UPDATE (April 2013)
This site was the blog I kept for my long-term travels, mainly through Asia, in 2009-2010. I'm not maintaining it any more. To read about my more recent travels, mainly through Latin America, in May 2013 - June 2013, please click here: DrinkTheWater: Daniel Gerber Travel blog
For those who're not familiar with blogs, note that this part is only my profile, the blog entries are linked from the bottom of this page (or subscribe, so you'll always know when I have a new one)
Having always dreamed about travel, previously mainly done it as three-week or four-week sorties I finally arranged to take 13 months off from work, Feb 2009 - March 2010, to backpack around Asia, at the age of 36-37. I kept this blog for my friends and family to keep up-to-date with where I was. I've now left it there so that when I meet poeple who say "you should show me your photos one day" I can refer them to this URL so they have no excuse to not look at my photos.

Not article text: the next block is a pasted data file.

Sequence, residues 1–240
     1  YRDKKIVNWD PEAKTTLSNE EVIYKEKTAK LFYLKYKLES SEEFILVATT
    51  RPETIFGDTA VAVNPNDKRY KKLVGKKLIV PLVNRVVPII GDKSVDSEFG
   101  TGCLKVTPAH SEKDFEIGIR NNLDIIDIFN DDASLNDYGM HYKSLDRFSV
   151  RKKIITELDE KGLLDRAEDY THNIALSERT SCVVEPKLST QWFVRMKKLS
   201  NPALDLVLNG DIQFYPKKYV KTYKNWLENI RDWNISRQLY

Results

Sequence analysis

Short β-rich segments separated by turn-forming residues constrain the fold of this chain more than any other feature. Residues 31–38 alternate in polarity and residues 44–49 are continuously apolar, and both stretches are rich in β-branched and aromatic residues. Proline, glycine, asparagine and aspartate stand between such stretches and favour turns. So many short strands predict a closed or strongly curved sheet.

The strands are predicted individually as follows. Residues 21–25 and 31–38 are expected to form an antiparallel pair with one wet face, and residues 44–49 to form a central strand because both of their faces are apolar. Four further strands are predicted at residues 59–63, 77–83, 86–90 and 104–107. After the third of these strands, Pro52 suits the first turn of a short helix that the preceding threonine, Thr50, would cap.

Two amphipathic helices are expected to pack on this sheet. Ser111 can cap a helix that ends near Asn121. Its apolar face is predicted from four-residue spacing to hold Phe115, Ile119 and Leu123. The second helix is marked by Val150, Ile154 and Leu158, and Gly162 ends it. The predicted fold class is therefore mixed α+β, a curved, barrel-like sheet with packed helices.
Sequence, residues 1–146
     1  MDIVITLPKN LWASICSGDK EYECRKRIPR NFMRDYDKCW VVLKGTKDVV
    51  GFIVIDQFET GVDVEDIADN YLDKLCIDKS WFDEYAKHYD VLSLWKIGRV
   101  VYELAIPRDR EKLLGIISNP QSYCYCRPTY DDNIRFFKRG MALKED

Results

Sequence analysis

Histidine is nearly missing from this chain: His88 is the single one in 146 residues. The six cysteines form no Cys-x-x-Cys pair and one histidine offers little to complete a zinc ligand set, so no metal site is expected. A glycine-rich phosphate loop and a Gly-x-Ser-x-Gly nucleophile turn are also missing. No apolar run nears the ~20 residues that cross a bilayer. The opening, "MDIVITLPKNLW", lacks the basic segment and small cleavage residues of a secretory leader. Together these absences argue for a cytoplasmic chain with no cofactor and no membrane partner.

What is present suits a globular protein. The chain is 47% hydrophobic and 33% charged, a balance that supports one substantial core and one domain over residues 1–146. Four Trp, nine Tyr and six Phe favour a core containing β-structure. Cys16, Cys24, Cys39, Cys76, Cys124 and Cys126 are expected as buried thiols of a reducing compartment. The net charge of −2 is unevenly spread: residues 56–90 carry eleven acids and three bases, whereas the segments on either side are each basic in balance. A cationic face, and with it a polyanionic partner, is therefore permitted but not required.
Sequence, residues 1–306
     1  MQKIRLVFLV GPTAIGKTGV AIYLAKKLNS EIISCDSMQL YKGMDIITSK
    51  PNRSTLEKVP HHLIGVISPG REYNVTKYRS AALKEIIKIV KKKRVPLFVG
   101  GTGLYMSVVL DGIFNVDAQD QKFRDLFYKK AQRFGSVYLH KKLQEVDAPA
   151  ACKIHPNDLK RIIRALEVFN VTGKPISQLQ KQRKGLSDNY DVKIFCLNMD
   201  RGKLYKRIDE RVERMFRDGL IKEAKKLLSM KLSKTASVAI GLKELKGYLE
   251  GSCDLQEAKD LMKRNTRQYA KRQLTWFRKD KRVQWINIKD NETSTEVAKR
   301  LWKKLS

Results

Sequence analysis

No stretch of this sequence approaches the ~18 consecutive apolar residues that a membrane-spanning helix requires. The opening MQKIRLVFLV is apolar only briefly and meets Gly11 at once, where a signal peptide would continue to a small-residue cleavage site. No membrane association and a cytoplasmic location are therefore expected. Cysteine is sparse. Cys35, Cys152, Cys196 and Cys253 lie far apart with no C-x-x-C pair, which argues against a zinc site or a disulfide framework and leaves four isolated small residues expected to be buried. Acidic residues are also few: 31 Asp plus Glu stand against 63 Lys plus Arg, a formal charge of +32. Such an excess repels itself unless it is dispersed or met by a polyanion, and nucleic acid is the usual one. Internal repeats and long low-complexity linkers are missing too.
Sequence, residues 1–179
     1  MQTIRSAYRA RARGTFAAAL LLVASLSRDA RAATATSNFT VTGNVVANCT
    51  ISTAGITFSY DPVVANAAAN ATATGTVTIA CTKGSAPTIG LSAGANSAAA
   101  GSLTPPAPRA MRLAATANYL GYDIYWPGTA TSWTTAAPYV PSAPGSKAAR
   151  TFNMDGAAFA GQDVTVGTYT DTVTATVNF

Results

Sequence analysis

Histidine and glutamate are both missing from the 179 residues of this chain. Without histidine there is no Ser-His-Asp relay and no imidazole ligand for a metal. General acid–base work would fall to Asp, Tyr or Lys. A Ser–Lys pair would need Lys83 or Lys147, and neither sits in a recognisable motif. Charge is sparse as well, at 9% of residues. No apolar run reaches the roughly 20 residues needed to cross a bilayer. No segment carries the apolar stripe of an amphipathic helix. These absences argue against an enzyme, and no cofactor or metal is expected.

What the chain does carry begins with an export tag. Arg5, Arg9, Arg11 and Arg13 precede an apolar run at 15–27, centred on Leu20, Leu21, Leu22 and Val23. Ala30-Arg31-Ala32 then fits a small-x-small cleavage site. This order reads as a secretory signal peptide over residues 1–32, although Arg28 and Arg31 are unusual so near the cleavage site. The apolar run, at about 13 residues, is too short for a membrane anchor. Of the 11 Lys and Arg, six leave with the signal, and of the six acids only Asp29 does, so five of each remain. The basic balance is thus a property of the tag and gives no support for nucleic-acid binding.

My plan was to see as much of Asia as I could without flying - taking local transport. I'd booked four weeks volunteering on an archaeological survey in the Jordanian desert, not far from Petra, and I hoped to get there all the way overland (except for flying between Darwin and East Timor). For reasons you can read in the entry "Why I stopped at Oral", I didn't make it, but technically I made it overland from East Timor to Europe, so that's something.